A mandatory evacuation was ordered by Tokyo over the ensuing months. The areas evacuated were determined by assumptions on meteorological dispersal of contamination and radiation level estimates taken from detectors hung below helicopters. The order was applied to a 20 kilometer radius around F. Daiichi and a connected “corridor” about 20 kilometers wide that extended to roughly 40 kilometers northwest of the nuke station. The corridor was designated “deliberate evacuation area”. The entire evacuated area was entitled the “exclusion zone”, and popularly dubbed the “no-go zone”.


The Tokyo-mandate forced some 75,000 people from their homes. Another ~85,000 voluntarily evacuated from outside the mandated exclusion area, fearing both radiation exposure and anxiety caused by belief that the accident could get worse.

Foods from Fukushima farms were banned from the Japanese marketplace until a monitoring program could be put in place to insure safety. Some species of seafood were found to exceed Japan’s highly-restrictive limits for marketing, and were banned. Milk and dairy products from Fukushima were confiscated to prevent possible ingestion of radioactive Iodine. In the months and years that followed, Fukushima produce and seafood were given detailed monitoring, and none exceeding the national standards ever made it to the consumers. As time passed, nearly all foods were found to be less radioactive than national standards and were available for marketing. The only exception has been a few species of food-fish. However, fear of the possibility of radiation, combined with distrust of the government, caused an on-going boycott of all foods associated with Fukushima Prefecture. Four years after the accident, nearly 20% of the consumer demographic continued to shun all foods from Fukushima, even though contamination was undetectable.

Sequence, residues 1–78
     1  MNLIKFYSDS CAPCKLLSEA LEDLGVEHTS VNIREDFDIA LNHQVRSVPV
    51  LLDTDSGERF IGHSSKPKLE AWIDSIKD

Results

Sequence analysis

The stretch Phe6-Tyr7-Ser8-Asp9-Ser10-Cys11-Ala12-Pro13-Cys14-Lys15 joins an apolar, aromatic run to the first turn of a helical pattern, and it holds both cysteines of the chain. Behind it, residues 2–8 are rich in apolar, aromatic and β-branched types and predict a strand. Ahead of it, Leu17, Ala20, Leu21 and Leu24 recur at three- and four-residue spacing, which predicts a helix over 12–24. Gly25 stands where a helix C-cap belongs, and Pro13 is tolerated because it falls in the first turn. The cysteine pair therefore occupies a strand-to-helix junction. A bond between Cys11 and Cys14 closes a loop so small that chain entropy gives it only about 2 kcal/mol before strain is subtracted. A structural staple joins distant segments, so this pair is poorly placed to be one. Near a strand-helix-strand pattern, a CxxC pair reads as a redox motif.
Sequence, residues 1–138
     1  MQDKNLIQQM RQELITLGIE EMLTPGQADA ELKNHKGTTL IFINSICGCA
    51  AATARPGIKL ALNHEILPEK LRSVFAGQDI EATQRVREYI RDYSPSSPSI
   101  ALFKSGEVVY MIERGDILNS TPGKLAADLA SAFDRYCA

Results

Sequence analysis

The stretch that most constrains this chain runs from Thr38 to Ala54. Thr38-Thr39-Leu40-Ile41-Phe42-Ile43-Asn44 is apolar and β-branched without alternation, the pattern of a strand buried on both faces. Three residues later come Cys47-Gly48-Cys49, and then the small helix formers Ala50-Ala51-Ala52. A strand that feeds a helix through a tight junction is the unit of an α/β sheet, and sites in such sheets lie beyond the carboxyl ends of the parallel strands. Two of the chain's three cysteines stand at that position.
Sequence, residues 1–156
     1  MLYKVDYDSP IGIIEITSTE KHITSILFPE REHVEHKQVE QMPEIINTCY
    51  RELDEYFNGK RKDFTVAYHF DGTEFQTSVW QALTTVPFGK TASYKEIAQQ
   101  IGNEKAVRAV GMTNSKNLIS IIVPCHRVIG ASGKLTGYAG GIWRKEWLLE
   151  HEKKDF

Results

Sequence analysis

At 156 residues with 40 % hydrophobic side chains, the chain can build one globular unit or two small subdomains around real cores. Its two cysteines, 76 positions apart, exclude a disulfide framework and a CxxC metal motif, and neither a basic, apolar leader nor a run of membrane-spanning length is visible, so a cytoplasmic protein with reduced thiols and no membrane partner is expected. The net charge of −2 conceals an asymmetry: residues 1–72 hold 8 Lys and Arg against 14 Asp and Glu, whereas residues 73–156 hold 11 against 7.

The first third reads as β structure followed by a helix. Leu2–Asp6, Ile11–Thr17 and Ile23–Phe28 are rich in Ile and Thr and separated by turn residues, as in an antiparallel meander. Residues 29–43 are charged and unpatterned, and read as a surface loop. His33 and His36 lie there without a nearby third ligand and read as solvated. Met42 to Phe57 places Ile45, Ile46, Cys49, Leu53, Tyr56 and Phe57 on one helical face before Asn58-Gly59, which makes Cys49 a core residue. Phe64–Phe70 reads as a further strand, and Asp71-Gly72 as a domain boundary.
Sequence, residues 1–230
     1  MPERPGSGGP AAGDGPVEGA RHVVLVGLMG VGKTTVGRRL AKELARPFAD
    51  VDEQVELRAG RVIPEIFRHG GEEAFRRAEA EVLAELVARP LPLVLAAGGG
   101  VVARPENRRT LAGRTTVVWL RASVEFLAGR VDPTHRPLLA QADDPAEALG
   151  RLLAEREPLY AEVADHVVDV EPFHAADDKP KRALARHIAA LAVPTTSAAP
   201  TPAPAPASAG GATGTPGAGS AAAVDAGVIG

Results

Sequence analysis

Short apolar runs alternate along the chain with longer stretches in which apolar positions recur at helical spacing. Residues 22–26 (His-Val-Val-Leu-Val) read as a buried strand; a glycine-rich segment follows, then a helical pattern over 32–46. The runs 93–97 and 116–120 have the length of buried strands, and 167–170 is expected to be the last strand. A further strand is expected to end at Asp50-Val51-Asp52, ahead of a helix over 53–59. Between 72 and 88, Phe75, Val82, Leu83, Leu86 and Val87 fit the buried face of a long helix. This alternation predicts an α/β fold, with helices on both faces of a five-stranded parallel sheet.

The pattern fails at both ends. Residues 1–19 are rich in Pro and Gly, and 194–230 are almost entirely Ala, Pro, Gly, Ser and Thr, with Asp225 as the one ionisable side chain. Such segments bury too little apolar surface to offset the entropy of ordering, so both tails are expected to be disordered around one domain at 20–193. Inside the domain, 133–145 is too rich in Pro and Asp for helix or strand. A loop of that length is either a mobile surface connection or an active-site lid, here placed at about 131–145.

All nuclear plants were ordered to shut down at their first refueling outage following the accident. A moratorium would remain in place until new, stricter safety standards could be created and implemented. The main government regulator at the time of the accident, the Nuclear and Industrial Safety Commission, was replaced by a pseudo-independent Nuclear Regulation Authority in September of 2012. The last nuke to go off-line was in May of 2012, effectively stripping Japan of nearly 30% of its electric generation. The nukes were replaced with restarts of old, moth-balled coal, gas, and oil fueled plants. The increase in fossil fuel imports caused an on-going trade deficit totaling tens of billions of dollars per year. This was reported to be the first trade deficit in Japan since the 1950s. The added costs were passed on to all customers, both residential and business. Many businesses could not remain profitable and moved overseas. New, more severe safety regulations for nukes were finally completed in July of 2013. The first restarts of nukes meeting the new standards are not expected until late summer of 2015.

Finally, there have been no deaths or incidents of medical harm to any member of the public due to radiation exposure. Thorough medical examinations have been given to the mandated evacuees, and many concerned residents from outside the no-go zone, free of charge. Nearly a third of a million children who were age 18 or less at the time of the accident have been screened for thyroid issues; specifically cysts more than 0.5mm in diameter and/or nodules more than 5mm in diameter. In early 2015, roughly 125 children had been discovered with these (pre-cancerous) anomalies, and about 70 have had surgery to remove them. Because no such testing had ever been done before on Japan’s children, Fukushima University medical team extended the screenings to three prefectures hundreds of kilometers from Fukushima Prefecture. It was found that the rate of these anomalies in Fukushima children was actually a bit less than with each of the three prefectures unaffected by the nuke accident. It appears that Tokyo’s immediate banning of all Fukushima dairy products has prevented a recurrence of the child thyroid cancer situation following the 1986 Chernobyl accident.